Contemporary fiction writers have access to an exciting complexity of reality reflected back to us in more and more ways through different media. When I was researching Calamity Jane and the Old West for my book, "In Calamity's Wake," what I saw in the Old West was a magic made possible by a nation imagining itself for the first time through new technologies: print, film, television. I saw stories that crossed borders: the borders between Canada, the US, and Mexico, but also the borders between life and myth, high and low art, the dream and the dreamers.
I saw elided stories, women's stories, indigenous and non-white stories. There was no accurate way to perfectly separate the truth and the tall tales surrounding Calamity Jane or her historical peers, so instead I embraced everything I read as a kind of truth. The mythos of the Old West has acted on the imaginations of generations, so tall tales have become part of reality.
Every work, fiction or non-fiction, arranges material to support a specific vision of reality. The many versions of Presidents we see in recent popular culture represent more than the individuals they are or were, and the way we discuss them says more about the dreams of the masses than it does about a more literal history.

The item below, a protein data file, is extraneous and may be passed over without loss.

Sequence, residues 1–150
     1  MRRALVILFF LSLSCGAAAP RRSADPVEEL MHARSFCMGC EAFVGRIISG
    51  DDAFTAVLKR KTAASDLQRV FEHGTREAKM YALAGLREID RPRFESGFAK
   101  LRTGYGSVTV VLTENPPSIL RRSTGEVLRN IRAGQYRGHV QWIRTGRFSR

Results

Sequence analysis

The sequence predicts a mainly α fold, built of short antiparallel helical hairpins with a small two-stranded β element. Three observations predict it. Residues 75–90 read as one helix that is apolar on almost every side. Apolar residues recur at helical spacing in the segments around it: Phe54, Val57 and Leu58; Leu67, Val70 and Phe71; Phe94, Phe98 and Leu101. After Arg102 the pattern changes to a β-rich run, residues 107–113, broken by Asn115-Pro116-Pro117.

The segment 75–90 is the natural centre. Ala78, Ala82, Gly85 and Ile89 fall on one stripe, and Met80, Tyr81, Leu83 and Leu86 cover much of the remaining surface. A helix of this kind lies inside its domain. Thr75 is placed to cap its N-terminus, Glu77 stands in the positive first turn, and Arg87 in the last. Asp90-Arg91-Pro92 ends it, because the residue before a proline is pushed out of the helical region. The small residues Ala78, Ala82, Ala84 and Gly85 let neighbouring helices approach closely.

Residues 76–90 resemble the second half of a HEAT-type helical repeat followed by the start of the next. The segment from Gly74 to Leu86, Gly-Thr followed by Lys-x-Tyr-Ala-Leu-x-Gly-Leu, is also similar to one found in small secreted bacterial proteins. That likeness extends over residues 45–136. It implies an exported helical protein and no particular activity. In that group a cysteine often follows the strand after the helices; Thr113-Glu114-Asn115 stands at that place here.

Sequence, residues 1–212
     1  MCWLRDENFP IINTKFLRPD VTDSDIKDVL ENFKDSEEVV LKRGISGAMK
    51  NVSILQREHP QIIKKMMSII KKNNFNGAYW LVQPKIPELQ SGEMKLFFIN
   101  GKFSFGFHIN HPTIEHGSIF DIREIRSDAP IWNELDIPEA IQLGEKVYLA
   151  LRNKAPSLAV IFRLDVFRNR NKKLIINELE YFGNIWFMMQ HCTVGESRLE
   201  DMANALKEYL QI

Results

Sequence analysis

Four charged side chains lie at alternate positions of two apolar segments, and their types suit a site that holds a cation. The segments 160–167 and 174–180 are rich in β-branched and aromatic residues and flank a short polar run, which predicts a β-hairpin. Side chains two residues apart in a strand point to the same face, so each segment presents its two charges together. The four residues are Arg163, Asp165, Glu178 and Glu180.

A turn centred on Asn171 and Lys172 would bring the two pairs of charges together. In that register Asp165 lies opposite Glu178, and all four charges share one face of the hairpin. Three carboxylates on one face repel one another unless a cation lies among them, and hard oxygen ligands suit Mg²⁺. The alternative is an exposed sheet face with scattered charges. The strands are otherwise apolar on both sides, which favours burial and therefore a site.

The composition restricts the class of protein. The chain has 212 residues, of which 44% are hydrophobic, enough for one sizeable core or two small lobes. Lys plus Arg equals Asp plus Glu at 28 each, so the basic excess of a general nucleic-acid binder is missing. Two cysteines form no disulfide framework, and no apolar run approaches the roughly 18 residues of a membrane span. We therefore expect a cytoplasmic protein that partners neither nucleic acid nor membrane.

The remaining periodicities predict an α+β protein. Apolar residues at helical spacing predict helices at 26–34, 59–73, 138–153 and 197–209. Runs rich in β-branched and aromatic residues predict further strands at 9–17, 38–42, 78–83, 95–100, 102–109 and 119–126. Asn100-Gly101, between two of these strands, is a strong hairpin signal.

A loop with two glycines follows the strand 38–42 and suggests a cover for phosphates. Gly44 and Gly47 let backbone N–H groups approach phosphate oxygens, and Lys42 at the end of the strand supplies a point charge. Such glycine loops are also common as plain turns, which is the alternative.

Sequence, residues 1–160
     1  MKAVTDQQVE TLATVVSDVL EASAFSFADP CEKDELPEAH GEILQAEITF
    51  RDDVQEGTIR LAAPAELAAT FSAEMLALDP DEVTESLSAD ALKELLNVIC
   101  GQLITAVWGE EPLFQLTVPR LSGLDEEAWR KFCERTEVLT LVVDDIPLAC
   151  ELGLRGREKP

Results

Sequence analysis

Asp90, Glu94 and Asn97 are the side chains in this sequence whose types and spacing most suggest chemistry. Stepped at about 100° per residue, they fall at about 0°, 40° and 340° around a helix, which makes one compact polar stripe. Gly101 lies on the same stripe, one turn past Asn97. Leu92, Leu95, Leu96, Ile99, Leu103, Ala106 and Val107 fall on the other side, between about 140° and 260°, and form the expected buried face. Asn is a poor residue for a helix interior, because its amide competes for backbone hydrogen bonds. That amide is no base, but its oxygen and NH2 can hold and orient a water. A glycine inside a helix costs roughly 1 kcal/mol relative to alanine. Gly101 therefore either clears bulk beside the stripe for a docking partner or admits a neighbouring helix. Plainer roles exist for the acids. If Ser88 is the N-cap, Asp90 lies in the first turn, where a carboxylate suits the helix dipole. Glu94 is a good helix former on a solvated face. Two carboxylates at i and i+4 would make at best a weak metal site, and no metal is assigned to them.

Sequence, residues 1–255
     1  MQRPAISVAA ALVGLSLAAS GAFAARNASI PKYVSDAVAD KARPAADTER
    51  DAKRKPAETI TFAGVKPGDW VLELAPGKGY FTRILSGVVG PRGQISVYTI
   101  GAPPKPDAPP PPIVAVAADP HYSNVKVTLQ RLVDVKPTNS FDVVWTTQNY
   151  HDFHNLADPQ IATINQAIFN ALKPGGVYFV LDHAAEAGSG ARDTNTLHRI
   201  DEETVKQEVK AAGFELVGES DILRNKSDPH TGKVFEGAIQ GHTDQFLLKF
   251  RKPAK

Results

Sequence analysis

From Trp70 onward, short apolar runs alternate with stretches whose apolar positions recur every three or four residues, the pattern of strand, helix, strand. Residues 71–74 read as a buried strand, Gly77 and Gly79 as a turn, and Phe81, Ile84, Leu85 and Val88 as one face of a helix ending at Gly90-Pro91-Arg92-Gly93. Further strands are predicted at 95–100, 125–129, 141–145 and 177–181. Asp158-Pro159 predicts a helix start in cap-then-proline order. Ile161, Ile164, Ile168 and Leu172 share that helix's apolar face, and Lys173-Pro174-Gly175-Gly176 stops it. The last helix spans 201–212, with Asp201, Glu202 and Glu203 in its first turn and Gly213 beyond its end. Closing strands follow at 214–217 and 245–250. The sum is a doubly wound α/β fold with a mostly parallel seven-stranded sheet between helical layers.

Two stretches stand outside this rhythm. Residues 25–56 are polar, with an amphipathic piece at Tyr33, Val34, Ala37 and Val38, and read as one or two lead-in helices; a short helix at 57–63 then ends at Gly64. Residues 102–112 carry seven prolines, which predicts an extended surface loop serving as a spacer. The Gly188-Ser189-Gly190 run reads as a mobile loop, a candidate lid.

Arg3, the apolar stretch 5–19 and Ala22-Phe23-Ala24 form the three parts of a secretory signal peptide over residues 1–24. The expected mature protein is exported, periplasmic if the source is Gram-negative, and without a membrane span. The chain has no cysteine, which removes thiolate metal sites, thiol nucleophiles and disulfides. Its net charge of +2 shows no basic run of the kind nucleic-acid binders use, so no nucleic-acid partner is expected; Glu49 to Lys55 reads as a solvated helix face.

The Old West as we get to see it is an arrangement designed to promote various ideas: sometimes ideas of nationhood, sometimes of individualism. In my case, the Old West and its heroes have been made a showcase for humanity and its hidden diversity. There is no transcription anywhere of what a hero thinks or feels, but every kind of hero becomes a venue through which the masses think and feel.
Calamity Jane was not a hero who rose out of the masses and stood above them, like Wild Bill Hickok or Buffalo Bill or Jesse James. Instead, even bathed in myth, she represents the heroism of the masses, especially the working poor, who get up and live every day, who work and drink and love and spin tales about their potential.
The following list is just a small sample of the dozens of tales of people, animals, and environment that I encountered in my research. Each of these made me feel closer to an Old West where life is complicated and people struggle to define the right way to act in a changing world: